Working from home is just one of the many perks that comes from freelancing.
Upwork and Freelancers Union only recently revealed studies that concluded that freelancers are predicted to become the overwhelming majority in the US workforce within a decade, with nearly 50% of millennial workers already freelancing.
This is how the work environment is rapidly evolving in a space you didn’t quite expect: your own home. As industries shift and technology makes it easier to find freelance work, the prospect of creating your own schedule and living on your own time becomes more and more attractive. Your home becomes a space where your ideas come to life.
Envisioning a home office is a concept as personal as it is universal: what do you find yourself most creatively driven by?
What do you hope people see in your work from the space that surrounds you? What does a space need to become somewhere you want to spend time in?
While everyone’s answers to these vary across the board depending on their profession, work ethic, and countless other aspects, the point is that everyone does have an answer.
Regardless, a good home office is productive first and aesthetically pleasing second. If you are wondering how you can create a home office that inspires you but doesn’t interrupt your headspace, you can start by exploring a few different areas.
Look up a photo of the quintessential modern office and you will find a open, clutter-free space that feels as to the point as it does productive.
There are perks to exploring minimalism in your home office space if you often find yourself getting distracted in work settings. The lack of decor feels like an invitation to do some self-reflection, as you are able to focus more on yourself and less so on your surroundings.
Consider what you need into to get into your ideal mindset, and if you find that the answer is not much, find a way to incorporate that freedom into a creatively fueling space.
The light we work in plays a critical part in how we work and how much we enjoy doing it.
If you are lucky enough to be blessed with natural light, use that to your advantage - revolve the space around the windows and let the sun pour in to get your productivity flowing.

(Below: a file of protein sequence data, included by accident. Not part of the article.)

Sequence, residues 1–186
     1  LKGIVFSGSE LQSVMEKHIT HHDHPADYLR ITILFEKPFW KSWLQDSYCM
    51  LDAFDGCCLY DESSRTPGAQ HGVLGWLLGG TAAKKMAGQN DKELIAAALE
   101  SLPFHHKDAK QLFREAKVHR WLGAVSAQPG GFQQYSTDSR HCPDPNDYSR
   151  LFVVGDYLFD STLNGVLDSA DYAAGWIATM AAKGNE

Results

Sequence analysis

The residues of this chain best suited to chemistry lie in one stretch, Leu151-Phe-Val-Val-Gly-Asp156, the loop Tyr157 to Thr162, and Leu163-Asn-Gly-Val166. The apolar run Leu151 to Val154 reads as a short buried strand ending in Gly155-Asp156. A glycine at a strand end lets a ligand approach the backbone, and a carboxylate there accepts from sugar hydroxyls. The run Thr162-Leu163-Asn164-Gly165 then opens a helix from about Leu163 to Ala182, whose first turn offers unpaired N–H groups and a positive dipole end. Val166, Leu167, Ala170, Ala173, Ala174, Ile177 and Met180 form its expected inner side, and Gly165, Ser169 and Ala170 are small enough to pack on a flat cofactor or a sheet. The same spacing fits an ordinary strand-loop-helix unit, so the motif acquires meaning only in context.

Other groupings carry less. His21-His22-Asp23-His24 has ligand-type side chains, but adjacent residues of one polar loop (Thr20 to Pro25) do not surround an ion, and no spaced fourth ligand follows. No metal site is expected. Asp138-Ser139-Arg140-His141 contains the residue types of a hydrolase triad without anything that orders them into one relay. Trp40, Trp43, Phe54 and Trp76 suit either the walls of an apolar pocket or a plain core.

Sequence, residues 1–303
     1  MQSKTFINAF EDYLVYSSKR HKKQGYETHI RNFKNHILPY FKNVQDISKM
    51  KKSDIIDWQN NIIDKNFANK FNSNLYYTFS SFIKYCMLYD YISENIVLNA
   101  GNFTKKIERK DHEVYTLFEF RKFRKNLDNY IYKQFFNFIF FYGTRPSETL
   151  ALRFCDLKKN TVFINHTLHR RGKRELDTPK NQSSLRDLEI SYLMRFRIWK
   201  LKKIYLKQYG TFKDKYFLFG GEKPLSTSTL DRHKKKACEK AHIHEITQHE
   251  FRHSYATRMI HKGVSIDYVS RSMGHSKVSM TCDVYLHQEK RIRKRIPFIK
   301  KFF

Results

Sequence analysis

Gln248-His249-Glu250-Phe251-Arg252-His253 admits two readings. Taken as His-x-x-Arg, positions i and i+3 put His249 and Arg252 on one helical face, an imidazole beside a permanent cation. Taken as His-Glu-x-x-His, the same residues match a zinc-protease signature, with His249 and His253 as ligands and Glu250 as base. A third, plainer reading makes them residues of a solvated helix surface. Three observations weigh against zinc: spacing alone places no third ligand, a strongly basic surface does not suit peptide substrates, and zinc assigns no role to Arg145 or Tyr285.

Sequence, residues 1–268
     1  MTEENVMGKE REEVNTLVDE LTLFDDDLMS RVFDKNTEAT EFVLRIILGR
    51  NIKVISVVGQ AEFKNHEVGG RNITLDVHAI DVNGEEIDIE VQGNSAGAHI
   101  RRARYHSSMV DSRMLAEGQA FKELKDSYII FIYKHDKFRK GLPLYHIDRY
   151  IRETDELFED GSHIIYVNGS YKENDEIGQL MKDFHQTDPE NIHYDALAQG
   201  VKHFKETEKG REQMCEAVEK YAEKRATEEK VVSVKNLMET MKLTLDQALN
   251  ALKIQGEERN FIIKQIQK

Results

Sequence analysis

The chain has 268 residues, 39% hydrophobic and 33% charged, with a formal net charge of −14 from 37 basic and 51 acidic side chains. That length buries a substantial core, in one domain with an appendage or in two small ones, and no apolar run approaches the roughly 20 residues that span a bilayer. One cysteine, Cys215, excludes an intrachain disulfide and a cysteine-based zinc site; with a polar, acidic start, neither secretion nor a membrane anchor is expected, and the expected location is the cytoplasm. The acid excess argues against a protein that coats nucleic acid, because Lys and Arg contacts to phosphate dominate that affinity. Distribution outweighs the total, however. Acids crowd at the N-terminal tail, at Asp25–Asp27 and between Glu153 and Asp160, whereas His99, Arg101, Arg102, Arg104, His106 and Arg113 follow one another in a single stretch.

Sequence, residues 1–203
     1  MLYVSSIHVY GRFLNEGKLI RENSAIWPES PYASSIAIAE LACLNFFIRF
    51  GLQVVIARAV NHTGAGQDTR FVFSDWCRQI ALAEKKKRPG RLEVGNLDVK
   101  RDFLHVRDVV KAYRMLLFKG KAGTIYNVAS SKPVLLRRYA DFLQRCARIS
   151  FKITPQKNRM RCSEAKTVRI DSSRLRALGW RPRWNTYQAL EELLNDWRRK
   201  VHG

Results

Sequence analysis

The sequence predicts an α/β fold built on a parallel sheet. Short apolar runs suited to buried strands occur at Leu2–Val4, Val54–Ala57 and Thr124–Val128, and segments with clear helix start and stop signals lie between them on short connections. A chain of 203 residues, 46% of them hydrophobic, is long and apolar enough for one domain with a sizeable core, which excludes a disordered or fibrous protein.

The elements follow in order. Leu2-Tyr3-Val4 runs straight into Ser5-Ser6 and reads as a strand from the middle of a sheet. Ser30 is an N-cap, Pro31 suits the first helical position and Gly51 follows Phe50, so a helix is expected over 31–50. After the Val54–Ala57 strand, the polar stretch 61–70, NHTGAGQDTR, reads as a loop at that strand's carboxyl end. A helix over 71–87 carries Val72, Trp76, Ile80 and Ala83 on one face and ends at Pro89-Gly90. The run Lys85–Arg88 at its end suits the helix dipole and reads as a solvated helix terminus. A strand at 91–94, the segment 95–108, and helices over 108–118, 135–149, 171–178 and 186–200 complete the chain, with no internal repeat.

If possible, you should try to stick to table lamps that will place the spotlight on what's really important: your work. Not only do they make any space feel warm and inviting, it's an easy way to make the design of the office feel more refined.
It's known that plants can improve your productivity (by up to 15%), reduce stress and anxieties, and boost your mood.
Consider adding some greenery to your home office through innovative ways, like hanging vines on your windows curtain rod, potting succulents and cactuses along walls, and opening up corners with palm leaves.
Plants open up any space and fill it with feelings of positivity and self-awareness.
In order to make the most out of your own time, try exploring ways to keep all the supplies you need without having to worry about running out and grabbing some more right before a call.
Consider what you consume the most out of - Coffee? Tea? Kombucha? - and maybe keeping stock of these makes the most sense for you. We all love a good mid-day snack that will boost some life back into us, and if you dream of having a never-ending supply of low carb homemade guac around, there's no one to tell you otherwise - it's your office!
Maybe having a structured level of organization is what allows you to thrive in work settings. It's easier to be productive when things are in top, tidy shape - or out of sight, out of mind?
Offices are prone to collecting "clutter", especially paper clips, post-it scraps and stacks of files on files. Consider the sort of storage that would allow you to work most efficiently and how much you are willing to invest in it.
Try leaning more towards shelves with storage baskets instead of bookshelves, as they tend to quickly become overstuffed and over-cluttered.
Linda Varone, author of The Smarter Home Office, gave Fast Company some insight on one of the most important aspects of a home office. -"The top of your computer screen should be at eye level or a little below". As you scan down the screen, your eyelids will naturally close a bit and moisten, which reduces eye fatigue," Varone said. “It sounds obvious, but you should love the chair you’re sitting on. Otherwise you will never sit at your desk."
Following linear guidelines like this will help increase your productivity and lessen the effects of our day-to-day screen time.
Personal mementos, like framed family photos and childhood trinkets, can be a source of motivation for those of us who harness it through our surroundings.
Keeping happy moments around is guaranteed to make you feel more at ease in your home office, because you have reminders around of what you're working for.
Try keeping these memories in rotation and switching around the placement so that you avoid losing touch with it.
Keep in mind that if there's too much stimulation going on within the space, one may find themselves getting distracted, so sometimes it works out better for you to separate the personal from the business - and that's ok.
Every home office should be as comfortable as it is aesthetically pleasing. Find cozy spots to emphasis in your space and broaden their use by converting them into reading nooks and meditation corners. There's no reason why you can't have a big couch if you're open to the idea of lounging in the space at times as well.
As soon as you find what makes you feel comfortable, your office will automatically become a space you look forward to spending time in.